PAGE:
So we know the acceleration factor, but we don't know what number to start with. Looking at the failure report of a random component (LTC3891) this details a statistical failure rate of 0.65 parts per Billion device hours at 55 degC. This report can be found from the landing page on www.analog.com.
The in-house testing is approaching your calculated 2250 years (over multiple chips and packaging styles). Already at 18M hours...
 

simonbramble

Active Member
The in-house testing is approaching your calculated 2250 years (over multiple chips and packaging styles). Already at 18M hours...
Yes - I noticed that too. The theory seems to tie up with the practice. Thanks for the clarification. Reliable stuff indeed
 

audioguru

Well-Known Member
Most Helpful Member
The datasheet for some chips that have "thermal shutdown" say not to repeat the thermal shutdown often to prevent the heat expansion and cooling contraction from fracturing the chip.
 

simonbramble

Active Member
Just for completion for those who stumble on this post in future, thermal shutdown normally activates at 165 degC +/- 10 degC.

I agree that you should not get anywhere near that even at maximum ambient temperature. Even if you do, you are definitely exceeding the maximum junction temperature (TJMAX) of the device which is normally 125degC or 150degC
 

simonbramble

Active Member
Me again... There is still some confusion in the industry about temperature and 'how hot is too hot?'. Many older engineers seem to think that running a component above 100 degC limits its lifetime. I can see where this opinion comes from. Back in the 90's failure rates of components were measured in parts per Million device hours. Now it is measured in parts per Billion device hours, so things are 1000x better today.

Putting this into perspective, a part that will last for 2250 years (see above) when run at 125 degC made on *today's* silicon processes will only have lasted 2.250 years back in the 90's (when parts were 1000x less reliable). Obviously a circuit only lasting for 2.25 years instead of 2,250 years is a completely different issue. I think this is where this opinion comes from that running circuits hot limits their lifetime. This was true in the 90's but not today (based on Analog Devices reliability data anyway).

So.... it is OK to run a part at 125 degC and still expect thousands of years of operation out of it. However, what will kill your circuit is all the other stuff that high temperature causes, some of which are outlined in my post above.
 

Nigel Goodwin

Super Moderator
Most Helpful Member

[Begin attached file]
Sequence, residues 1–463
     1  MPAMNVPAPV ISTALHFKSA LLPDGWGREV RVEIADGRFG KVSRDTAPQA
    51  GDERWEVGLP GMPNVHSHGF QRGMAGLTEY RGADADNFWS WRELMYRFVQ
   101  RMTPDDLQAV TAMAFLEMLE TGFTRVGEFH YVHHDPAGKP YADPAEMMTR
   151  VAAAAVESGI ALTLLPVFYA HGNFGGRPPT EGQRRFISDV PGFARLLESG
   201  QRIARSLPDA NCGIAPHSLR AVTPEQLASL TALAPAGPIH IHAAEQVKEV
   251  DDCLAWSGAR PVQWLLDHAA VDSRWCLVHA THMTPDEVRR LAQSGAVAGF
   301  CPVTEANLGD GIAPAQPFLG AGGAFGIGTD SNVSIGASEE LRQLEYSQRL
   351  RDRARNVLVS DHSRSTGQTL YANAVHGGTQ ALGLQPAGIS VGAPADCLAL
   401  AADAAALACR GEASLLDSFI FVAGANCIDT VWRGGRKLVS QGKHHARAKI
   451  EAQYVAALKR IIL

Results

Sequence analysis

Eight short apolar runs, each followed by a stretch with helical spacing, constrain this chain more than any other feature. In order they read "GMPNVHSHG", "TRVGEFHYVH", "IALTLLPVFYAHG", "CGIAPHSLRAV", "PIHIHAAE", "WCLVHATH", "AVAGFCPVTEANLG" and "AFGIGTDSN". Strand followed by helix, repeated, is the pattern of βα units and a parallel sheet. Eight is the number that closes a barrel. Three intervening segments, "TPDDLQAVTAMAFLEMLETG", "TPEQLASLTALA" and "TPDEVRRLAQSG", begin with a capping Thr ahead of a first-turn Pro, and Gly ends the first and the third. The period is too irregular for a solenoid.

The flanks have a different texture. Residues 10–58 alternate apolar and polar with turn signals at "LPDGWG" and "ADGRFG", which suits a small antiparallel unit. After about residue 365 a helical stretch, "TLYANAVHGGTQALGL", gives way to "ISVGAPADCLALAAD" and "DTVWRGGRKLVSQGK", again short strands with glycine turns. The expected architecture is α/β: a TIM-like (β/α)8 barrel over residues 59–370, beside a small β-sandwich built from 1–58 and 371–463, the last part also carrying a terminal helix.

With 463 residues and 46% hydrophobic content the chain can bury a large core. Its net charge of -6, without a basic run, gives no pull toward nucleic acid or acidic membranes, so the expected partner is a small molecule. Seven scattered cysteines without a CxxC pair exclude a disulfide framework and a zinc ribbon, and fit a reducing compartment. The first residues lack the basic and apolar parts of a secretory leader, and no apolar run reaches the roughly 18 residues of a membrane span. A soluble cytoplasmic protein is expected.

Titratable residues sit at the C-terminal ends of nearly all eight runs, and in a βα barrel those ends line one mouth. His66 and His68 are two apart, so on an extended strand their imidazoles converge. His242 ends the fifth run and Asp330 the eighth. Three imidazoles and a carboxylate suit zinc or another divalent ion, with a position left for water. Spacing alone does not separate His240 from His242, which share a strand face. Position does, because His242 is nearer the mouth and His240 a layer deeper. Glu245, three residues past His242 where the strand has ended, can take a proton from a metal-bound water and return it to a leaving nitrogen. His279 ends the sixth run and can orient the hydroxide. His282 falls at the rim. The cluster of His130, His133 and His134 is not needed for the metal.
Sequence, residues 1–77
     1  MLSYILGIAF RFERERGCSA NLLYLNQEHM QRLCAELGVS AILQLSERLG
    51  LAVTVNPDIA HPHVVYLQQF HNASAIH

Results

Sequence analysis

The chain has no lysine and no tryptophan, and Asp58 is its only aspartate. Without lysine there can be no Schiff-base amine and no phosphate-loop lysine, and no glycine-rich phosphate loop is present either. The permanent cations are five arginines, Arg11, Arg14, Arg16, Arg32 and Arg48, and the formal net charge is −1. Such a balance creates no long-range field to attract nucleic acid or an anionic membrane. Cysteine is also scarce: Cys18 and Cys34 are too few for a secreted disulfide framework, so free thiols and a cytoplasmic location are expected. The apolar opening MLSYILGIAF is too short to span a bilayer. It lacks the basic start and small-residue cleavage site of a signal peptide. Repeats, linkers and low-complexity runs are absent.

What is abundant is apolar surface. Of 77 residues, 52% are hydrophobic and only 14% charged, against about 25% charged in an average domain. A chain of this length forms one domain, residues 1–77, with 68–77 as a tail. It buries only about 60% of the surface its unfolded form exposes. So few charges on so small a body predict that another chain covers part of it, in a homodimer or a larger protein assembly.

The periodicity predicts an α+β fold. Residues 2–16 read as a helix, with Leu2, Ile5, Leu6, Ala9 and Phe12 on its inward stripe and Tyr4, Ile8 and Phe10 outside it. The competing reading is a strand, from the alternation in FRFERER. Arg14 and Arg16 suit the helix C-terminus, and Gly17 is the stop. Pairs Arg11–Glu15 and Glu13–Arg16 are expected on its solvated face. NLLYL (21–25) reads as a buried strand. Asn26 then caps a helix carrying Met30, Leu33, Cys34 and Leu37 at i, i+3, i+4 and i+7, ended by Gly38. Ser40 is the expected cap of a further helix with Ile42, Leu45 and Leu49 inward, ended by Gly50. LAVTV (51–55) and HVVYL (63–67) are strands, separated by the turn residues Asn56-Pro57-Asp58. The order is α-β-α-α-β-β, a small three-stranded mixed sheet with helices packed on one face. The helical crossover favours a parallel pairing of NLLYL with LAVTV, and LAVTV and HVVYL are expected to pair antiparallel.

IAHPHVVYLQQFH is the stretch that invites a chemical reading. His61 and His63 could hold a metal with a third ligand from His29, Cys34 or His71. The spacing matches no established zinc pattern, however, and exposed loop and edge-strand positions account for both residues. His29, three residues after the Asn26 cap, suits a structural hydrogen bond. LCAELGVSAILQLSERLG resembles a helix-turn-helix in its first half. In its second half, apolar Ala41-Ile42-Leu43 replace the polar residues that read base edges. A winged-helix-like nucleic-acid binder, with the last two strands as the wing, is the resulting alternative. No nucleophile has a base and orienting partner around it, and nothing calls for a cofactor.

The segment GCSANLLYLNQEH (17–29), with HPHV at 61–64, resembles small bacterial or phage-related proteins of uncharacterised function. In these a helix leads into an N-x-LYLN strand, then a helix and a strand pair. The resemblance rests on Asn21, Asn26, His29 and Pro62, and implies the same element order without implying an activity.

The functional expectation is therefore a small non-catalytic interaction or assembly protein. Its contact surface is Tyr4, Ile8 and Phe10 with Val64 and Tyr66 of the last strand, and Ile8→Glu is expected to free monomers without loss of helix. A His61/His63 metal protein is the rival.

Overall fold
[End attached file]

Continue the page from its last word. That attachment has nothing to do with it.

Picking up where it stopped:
Me again... There is still some confusion in the industry about temperature and 'how hot is too hot?'. Many older engineers seem to think that running a component above 100 degC limits its lifetime. I can see where this opinion comes from. Back in the 90's failure rates of components were measured in parts per Million device hours. Now it is measured in parts per Billion device hours, so things are 1000x better today.
I think you're living in fairy land :D

Parts fail now just as they have always done, and one of the reasons is running them too hot, and even more so cycling them between hot and cold.

As a service engineer you can often tell what sort of parts are going to fail, often it's becaus eos serious design flaws (and manufacturers never learn!), or because components are run too close to their limits.
 

gophert

Well-Known Member
Most Helpful Member
Back in the 90's failure rates of components were measured in parts per Million device hours. Now it is measured in parts per Billion device hours, so things are 1000x better today.

Putting this into perspective, a part that will last for 2250 years (see above) when run at 125 degC made on *today's* silicon processes will only have lasted 2.250 years back in the 90's (when parts were 1000x less reliable). Obviously a circuit only lasting for 2.25 years instead of 2,250 years is a completely different issue.
Thanks, I needed a good laugh. By your calculations, any device with 12 chips on board will last 60 days. I don't think so. Also, you might want to look back at your 1990's data. It may .have said 5000 ppm, and your recent failure rate 5.5ppb.
 
If you are making just of a few of your product and you are willing to take the risk, go ahead and run it as hot as you want, but if you are going to make millions of widgets and want to protect your company's reputation for reliability you need to pay attention to the component manufacturer's advice. At the very least when they bring you loads of dead widgets you will have the manufacturer's engineers there with you to help figure out a solution.
 

Latest threads

EE World Online Articles

Loading

 
Top